Psychiatrists and other mental health providers are under increasing pressure to stay current. With the fast growth of knowledge, the challenge to keep up with the ever-growing body of information is greater than ever.
There is an emerging realization that as clinical providers, we need systems or methods to help sort and evaluate the utility of information before we apply it in clinical care. Without such systems, when we are facing an overload of information, most of us tend to take the first or the most easily accessed information—our clinical experience or the drug detailer’s latest data. Perhaps we overestimate the quality and utility of that information while we remain unaware of potentially more useful and relevant information. As a result, the quality of care we provide tends to become suboptimal and the cost of care increases.
Clinical practice is based on knowledge, skills, beliefs, and research. Knowledge can become outdated quickly and skills can get rusty. The traditional methods of improving skills and keeping current with new diagnostic and treatment approaches include reading professional materials, accumulating clinical experience, attending CME conferences, learning from colleagues, and conducting research. There are significant problems, however, with each of these strategies.
The inferences we draw from our individual successes and failures in clinical encounters, with or without evidence, shape our beliefs, which, in turn, influence our clinical practice. These inferences can be distorted by overvaluing treatment successes and undervaluing treatment failures. Evidence-based medicine does not consider one’s clinical experience to be listed among the levels of evidence, and expert opinion is either viewed as the lowest level of evidence1 or has fallen off the list completely.2
Attending CME events has been shown to have little or no effect on clinical practices.3,4 Learning from colleagues’ clinical experience can have similar recall problems. Conducting one’s own research is sel-dom done because it is too time-consuming. The challenge is that the knowledge base continues to grow at a rate that is impossible to keep up with unless we devise effective and efficient methods to identify, evaluate, consolidate, and distribute new knowledge and provide tools for real-time analysis and decision support.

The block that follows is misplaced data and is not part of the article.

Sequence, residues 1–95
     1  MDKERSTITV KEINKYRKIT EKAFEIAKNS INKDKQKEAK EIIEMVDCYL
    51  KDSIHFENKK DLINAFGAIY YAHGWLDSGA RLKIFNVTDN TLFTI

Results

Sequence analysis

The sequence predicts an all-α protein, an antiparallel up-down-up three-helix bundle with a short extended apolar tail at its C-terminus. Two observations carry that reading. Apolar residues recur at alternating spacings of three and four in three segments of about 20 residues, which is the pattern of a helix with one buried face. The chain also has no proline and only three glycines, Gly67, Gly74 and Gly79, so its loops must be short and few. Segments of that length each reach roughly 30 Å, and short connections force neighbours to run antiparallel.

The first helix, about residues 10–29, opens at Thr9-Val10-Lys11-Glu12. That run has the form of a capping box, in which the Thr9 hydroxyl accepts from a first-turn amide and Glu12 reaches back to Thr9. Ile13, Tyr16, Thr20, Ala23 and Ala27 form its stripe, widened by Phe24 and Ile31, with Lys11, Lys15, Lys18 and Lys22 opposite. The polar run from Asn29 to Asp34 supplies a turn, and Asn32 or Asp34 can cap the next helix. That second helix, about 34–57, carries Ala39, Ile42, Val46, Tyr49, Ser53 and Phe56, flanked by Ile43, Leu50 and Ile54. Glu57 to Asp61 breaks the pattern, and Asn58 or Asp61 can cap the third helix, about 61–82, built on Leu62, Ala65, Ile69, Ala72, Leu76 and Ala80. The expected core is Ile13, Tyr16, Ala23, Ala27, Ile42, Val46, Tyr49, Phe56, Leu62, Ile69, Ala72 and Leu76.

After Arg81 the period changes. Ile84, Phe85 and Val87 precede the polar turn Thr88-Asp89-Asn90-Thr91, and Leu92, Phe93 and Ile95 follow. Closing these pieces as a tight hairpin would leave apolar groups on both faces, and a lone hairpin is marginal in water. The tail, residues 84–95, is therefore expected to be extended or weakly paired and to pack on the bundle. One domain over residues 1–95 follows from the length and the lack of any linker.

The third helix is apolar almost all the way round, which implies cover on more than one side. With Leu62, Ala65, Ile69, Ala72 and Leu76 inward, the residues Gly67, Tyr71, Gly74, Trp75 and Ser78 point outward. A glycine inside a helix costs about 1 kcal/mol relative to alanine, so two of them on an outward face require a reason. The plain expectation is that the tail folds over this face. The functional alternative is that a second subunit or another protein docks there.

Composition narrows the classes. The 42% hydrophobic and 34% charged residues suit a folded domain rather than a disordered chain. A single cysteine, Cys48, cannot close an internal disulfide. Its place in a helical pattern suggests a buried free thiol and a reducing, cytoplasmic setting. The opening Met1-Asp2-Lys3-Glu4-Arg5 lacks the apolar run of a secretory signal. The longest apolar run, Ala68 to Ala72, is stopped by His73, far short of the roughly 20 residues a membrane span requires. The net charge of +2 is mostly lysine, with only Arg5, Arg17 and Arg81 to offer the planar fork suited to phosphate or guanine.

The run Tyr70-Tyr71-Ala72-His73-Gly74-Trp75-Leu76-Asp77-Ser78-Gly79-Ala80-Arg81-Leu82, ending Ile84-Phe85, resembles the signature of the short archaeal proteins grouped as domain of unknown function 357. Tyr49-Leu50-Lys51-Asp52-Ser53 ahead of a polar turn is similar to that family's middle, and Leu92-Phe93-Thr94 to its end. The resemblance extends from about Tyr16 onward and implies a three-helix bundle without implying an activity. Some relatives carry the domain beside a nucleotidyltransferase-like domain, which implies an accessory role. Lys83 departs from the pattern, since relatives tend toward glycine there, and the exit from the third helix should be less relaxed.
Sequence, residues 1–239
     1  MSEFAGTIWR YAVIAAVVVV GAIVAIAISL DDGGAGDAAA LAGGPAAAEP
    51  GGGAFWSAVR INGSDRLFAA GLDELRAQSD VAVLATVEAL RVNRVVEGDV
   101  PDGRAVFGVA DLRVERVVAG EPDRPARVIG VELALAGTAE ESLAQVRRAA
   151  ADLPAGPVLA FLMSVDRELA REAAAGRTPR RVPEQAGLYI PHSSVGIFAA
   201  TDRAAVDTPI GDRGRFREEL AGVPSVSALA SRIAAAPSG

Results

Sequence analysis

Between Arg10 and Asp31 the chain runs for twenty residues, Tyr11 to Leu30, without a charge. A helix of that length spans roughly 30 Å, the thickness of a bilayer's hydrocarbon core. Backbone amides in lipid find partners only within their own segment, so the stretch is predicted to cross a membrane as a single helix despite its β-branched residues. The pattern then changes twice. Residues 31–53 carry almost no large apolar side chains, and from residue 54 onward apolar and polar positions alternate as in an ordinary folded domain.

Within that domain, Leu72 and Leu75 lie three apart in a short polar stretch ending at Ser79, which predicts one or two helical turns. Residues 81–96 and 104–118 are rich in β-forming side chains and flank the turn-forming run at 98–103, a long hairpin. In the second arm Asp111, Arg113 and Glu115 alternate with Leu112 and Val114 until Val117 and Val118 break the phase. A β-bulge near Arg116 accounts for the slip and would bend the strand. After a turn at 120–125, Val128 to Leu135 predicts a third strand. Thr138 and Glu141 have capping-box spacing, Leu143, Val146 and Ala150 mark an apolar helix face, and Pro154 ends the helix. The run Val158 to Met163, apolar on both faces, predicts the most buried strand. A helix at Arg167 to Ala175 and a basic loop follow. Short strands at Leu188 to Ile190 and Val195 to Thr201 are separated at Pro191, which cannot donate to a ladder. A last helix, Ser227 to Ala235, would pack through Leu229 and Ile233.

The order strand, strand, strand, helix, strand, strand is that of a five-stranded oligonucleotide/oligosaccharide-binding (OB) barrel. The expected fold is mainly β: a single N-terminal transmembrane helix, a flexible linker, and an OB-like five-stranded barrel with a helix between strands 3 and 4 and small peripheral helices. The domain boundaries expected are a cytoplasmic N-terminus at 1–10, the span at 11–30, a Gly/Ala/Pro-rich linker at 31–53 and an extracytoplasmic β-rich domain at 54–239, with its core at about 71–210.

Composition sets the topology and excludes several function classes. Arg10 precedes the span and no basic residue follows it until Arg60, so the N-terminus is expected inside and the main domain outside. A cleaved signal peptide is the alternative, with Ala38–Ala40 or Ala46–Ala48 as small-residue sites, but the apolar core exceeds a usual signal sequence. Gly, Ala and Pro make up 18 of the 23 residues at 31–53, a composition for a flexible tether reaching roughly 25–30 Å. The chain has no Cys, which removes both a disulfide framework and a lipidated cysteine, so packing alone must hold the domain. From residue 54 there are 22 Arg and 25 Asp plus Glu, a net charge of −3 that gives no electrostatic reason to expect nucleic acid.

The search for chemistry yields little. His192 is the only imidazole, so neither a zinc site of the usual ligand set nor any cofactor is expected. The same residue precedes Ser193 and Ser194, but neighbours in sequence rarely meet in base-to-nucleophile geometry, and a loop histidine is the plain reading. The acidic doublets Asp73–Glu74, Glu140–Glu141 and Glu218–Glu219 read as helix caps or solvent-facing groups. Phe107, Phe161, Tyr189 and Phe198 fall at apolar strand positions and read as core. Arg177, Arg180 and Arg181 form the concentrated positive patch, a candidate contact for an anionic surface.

Rate of growth in knowledge base
It is estimated that if we took all the knowledge that humankind had accumulated by the year 1 AD as equal to 1 unit of information, it probably took about 1500 years, or until the 16th century, for that amount of knowledge to double. The next doubling of knowledge (from 2 to 4 “knowledge units”) took only 250 years, until about 1750 AD. By 1900, 150 years later, knowledge had doubled again to 8 units.5
The rate at which information has been doubling continues to pick up speed. It is now estimated that the collective sum of all printed knowledge is doubling every 4 years.6 Between 1999 and 2002, the amount of new information stored on paper, film, magnetic tape, and optical media was estimated to have about doubled, with a growth rate of about 30% a year.7 President Clinton8 had the following to say about this subject in his 1998 remarksto the National Association of Attorneys General:
The sheer volume of knowledge is doubling every 5 years now. . . . because of human genome research, we are literally solving problems in a matter of days that took years to solve not long before I took office. The World Wide Web is growing by something like 65,000 websites an hour now. When I took office, there were 50—(laughter)—50.
Medical knowledge is now reported to be doubling every 8 years,9 and medical professionals are struggling more than they ever have to keep up. Of course, this is not something that is entirely new. Stewart10 wrote the following almost 50 years ago:
A brilliant student who might successfully master all the present facts and theories by graduation would be seriously out of date 10 years later, and hopelessly so by retirement age unless he continued his education while in practice.